Creating a Marketing Dashboard | What to Track

creating a marketing dashboard

A marketing dashboard is incredibly important to the success of any marketing team for one simple reason — if you can’t track it, you have no clue if it’s working.

Modern marketing budgets aren’t cheap. You want to make sure every dollar is giving you its maximum possible return.

But you don’t want to spend hours every day combing through analytics trying to figure out how well things are going, especially if you’re an owner, board member, or executive. Your time is much more valuable than that.

A high-quality dashboard puts everything in one place, puts the most important metrics/KPIs front and center, and lets you check in quickly when you have time to see how things are going.

Here are the most important metrics to track (and how to track them).

Digital Marketing

Digital marketing includes your social media and search ads alongside media placement. Some of the most important KPIs to track include:

  • Impressions (how many times the ad was seen)
  • Conversion rate (how many people click on the ad)
  • Reach (the total number of people who saw the ad)
  • Cost per conversion (dollars spent for each click)
  • Ad spend (total amount spent on each ad)

This data is going to come from a variety of sources, including the social media apps themselves, Google Analytics, and other paid reporting tools.

Social Media

Social media refers to organic social media efforts (non-paid). Some of the most important KPIs to track include:

  • Reach (the total number of people who saw the content)
  • Engagement (how many people liked/commented/shared the content)
  • Impressions (how many times the content was seen)
  • Click Through Rate (how many people clicked on a social media post to view content on your website)
  • Likes/Follows (how many people have subscribed to your social media page)

For social media, there are plenty of paid third-party reporting tools you can use to track these metrics. You can also get these metrics from the social media platforms themselves, though this takes a lot more time.

Email Marketing

Email marketing is when you use a tool to send mass emails to lists of customers or potential customers. Some of the most important KPIs to track include:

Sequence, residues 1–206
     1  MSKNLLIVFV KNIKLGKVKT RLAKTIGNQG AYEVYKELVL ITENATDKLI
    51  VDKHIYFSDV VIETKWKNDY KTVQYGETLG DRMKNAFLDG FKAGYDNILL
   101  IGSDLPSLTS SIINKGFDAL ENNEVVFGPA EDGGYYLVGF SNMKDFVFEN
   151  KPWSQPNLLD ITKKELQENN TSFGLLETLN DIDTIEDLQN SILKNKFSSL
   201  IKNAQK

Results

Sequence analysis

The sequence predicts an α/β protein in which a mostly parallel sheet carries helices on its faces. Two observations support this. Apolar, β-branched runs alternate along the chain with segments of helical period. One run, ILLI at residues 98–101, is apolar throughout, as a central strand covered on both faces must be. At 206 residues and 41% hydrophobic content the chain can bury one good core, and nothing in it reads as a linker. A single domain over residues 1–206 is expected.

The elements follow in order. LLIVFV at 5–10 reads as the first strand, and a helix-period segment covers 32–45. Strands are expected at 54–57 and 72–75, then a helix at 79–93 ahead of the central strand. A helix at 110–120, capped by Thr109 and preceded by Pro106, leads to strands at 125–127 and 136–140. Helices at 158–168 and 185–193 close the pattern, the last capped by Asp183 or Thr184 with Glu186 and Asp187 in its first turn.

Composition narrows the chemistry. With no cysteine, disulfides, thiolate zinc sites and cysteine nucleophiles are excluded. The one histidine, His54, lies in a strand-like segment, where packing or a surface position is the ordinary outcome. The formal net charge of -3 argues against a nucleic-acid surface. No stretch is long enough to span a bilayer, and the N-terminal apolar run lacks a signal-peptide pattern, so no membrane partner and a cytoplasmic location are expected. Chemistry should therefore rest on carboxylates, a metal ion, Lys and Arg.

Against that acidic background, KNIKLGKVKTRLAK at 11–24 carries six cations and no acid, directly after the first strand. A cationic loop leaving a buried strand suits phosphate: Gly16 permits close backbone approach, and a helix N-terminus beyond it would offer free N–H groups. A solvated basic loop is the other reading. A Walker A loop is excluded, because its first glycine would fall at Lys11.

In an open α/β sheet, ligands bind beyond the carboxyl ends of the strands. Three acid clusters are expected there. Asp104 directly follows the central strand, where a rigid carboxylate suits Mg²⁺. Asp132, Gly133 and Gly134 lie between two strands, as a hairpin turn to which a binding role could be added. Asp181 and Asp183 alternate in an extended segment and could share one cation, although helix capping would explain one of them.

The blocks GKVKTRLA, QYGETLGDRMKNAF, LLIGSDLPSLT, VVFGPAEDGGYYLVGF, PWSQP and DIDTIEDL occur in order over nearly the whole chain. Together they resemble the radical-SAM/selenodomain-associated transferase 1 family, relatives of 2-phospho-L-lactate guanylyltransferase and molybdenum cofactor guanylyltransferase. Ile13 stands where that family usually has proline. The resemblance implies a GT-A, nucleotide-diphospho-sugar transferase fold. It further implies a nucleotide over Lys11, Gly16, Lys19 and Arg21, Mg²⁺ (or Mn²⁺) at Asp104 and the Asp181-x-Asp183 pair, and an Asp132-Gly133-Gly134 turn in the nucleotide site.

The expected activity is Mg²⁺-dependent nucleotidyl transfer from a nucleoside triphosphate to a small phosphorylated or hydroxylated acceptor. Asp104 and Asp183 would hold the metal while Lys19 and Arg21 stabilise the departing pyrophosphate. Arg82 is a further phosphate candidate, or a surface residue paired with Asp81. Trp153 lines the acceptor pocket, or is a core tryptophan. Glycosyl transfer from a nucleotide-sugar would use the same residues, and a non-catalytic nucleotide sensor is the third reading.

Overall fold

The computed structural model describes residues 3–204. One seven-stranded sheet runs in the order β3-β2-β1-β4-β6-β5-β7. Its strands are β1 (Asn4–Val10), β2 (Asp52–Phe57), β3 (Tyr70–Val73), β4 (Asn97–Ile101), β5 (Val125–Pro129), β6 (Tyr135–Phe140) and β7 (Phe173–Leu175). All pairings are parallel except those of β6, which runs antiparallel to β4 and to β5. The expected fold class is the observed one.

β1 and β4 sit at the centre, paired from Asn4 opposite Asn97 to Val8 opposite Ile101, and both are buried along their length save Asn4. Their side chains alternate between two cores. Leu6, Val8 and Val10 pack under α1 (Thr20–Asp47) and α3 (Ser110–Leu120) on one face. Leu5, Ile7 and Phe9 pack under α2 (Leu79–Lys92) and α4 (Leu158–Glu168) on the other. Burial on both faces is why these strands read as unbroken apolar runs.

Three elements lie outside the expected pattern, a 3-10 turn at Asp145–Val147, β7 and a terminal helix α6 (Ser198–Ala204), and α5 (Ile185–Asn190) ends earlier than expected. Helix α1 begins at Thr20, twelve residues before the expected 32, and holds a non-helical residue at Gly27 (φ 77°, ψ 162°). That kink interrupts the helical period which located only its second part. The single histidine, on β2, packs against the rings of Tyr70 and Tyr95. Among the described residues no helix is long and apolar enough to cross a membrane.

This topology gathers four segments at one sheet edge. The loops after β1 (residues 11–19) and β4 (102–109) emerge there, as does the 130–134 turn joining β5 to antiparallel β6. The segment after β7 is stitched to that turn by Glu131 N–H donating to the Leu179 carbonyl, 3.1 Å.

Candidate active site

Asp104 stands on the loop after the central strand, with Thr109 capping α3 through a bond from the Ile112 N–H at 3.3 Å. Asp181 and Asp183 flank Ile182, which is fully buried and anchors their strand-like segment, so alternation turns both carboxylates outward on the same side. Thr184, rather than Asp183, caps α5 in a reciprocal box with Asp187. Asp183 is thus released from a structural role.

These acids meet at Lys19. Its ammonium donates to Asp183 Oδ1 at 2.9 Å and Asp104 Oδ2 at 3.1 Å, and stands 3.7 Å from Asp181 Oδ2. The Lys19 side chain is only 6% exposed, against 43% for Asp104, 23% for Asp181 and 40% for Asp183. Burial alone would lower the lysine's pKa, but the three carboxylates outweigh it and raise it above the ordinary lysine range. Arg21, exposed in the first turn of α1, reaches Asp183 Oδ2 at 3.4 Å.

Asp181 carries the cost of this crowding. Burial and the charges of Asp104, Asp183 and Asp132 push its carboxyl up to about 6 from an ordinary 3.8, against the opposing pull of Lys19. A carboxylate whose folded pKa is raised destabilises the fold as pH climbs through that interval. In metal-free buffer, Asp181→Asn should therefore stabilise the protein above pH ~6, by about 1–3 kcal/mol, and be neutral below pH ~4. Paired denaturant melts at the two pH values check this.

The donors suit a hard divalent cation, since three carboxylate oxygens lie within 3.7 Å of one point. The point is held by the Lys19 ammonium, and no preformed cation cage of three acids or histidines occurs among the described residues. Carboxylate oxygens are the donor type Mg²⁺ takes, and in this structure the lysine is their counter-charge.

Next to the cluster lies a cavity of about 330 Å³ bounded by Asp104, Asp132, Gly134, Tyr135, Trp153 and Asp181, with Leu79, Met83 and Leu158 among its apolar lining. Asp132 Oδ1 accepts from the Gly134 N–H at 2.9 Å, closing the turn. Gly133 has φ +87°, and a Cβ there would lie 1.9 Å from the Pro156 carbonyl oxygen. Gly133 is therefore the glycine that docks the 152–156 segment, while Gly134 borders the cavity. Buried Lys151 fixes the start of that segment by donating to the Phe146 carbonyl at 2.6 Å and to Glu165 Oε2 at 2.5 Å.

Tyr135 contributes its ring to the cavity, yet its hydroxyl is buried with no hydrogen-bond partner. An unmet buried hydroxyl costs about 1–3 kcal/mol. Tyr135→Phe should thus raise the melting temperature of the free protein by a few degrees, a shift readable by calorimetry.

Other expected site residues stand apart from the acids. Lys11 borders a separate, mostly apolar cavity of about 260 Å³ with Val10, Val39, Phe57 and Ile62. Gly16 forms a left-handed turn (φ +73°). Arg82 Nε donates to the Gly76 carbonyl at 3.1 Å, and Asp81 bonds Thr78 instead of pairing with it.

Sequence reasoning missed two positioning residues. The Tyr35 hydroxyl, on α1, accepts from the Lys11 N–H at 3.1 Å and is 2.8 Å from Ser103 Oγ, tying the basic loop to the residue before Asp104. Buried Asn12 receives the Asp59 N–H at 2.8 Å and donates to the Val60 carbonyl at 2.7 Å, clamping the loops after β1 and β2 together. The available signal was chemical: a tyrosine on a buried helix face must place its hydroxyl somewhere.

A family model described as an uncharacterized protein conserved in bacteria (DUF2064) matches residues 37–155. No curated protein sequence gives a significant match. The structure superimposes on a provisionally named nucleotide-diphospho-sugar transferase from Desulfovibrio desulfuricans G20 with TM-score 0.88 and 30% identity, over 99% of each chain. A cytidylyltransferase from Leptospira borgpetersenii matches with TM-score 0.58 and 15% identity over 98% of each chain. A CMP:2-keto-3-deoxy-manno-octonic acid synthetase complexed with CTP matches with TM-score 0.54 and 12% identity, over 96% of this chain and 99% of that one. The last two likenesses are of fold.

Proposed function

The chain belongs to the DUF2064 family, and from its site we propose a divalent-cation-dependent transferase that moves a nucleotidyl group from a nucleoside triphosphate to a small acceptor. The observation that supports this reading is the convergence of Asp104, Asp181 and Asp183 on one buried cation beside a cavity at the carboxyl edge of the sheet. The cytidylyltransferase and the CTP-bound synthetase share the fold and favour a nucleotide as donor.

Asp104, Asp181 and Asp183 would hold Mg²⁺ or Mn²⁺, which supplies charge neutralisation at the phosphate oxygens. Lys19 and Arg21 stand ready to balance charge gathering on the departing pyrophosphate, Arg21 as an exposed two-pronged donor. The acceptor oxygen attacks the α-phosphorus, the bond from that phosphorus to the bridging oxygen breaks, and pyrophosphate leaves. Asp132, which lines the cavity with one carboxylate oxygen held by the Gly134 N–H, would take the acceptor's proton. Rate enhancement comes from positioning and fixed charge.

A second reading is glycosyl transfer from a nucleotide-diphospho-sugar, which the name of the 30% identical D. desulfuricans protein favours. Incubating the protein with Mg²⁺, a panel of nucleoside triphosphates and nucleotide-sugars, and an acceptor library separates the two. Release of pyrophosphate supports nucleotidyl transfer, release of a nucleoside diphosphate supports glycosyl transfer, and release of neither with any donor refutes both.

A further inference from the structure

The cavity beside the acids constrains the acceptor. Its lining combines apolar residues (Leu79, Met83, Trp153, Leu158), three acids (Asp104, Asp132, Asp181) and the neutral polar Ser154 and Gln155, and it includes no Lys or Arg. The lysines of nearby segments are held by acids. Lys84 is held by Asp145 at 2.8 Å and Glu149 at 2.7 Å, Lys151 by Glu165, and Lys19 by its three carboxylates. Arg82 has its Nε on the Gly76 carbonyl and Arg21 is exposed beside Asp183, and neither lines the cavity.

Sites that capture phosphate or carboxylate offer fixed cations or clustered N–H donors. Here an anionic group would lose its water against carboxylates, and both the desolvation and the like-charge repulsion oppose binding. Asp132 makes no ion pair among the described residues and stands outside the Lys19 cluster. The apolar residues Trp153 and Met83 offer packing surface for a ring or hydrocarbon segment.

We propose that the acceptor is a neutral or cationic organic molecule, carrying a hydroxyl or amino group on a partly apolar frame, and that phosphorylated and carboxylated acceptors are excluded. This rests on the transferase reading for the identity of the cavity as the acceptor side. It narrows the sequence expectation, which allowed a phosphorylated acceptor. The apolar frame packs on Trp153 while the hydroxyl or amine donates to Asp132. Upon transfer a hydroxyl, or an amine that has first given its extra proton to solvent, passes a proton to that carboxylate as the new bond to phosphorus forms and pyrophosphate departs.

• Open Rate (how many people opened the email)
  • Click-Through Rate (how many people clicked a link in the email and went to your website)
  • Conversion Rate (how many people took some sort of action, including clicking a link or making a phone call)
  • Bounce Rate (how many emails went to a dead/incorrect email address and “bounced” back)

All email marketing tools have analytics built into them, so tracking this data is fairly simple.

Print Materials

Print materials include flyers, posters, direct mail, brochures, and anything else you put into people’s hands. Some of the most important KPIs to track include:

  • Total Delivered (how many pieces were delivered to a customer)
  • Traffic Sources (the specific print material people saw that drove them to your store or website)
  • Scans/Traffic (how many people saw the print source)
  • Conversions (how many people took action, like making a call or visiting the website, based on the print material)

Print materials are harder to track than digital, but there are a few things you can set up to track them. One of the main ways is to try to send people to your website by using a QR code or a special URL that’s only used on a specific print piece. That way, if someone converts, you can check to see if they got to the website through that special URL.

Some direct mail services will also provide you with detailed analytics.

One-to-One Marketing

This includes networking, trade shows, conferences, and lunch & learns. Some of the most important KPIs to track include:

  • Total Reach (how many people you interacted with and/or how many people were in the audience you spoke to)
  • Connections (how many people connected with you digitally (adding you on social media) or in-person (by giving/receiving a business card or exchanging contact info))
  • Presentations Made (how many presentations you made at a single event)
  • Events Attended (how many events you attended in a quarter or year)
  • Conversions (how many people made a purchase based on meeting you)

Tracking one-to-one marketing can be difficult — it can be hard to know exact audience size (especially at a conference where people attend individual sessions randomly), but a visual scan is better than nothing.

Connections on social media are simple to track through social platforms, but conversions may be a little more difficult to track — you essentially have to note if someone who became a customer met you at an event initially.


Your website is the center of all your digital and print marketing activities. It’s where you want everyone to go initially, even if your eventual goal is to get them into a physical store.

Some of the most important KPIs to track include:

  • Traffic Sources (where traffic is coming from)
  • Unique Visitors (total number of people who visit your website within a specified timeframe)
  • New Visitors (how many people who have never visited your website before visited within a specified timeframe)
  • Top Landing Pages (the pages that people come to first when visiting your website)
  • Conversion Rate (how many people take a specific action, like making a purchase or a phone call, after visiting the website)

Google Analytics is your primary source for website data. Once set up, you can learn all of this and much more.

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